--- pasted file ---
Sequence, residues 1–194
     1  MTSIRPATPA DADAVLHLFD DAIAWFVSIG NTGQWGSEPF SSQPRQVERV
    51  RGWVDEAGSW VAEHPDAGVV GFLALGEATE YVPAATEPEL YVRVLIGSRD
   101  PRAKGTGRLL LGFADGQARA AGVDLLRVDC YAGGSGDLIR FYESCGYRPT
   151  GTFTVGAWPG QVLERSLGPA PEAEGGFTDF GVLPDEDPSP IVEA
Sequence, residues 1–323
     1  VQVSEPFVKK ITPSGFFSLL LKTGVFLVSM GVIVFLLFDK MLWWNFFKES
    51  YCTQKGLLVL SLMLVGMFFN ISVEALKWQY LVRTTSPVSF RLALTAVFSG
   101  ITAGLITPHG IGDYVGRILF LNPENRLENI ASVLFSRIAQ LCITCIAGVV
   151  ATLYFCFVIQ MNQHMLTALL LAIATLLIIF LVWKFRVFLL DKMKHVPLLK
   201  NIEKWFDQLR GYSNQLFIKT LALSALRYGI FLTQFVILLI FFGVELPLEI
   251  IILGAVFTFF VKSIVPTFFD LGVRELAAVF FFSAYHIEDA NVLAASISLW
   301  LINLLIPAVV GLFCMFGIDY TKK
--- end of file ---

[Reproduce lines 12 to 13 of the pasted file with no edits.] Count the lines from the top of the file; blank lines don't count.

   251  IILGAVFTFF VKSIVPTFFD LGVRELAAVF FFSAYHIEDA NVLAASISLW
   301  LINLLIPAVV GLFCMFGIDY TKK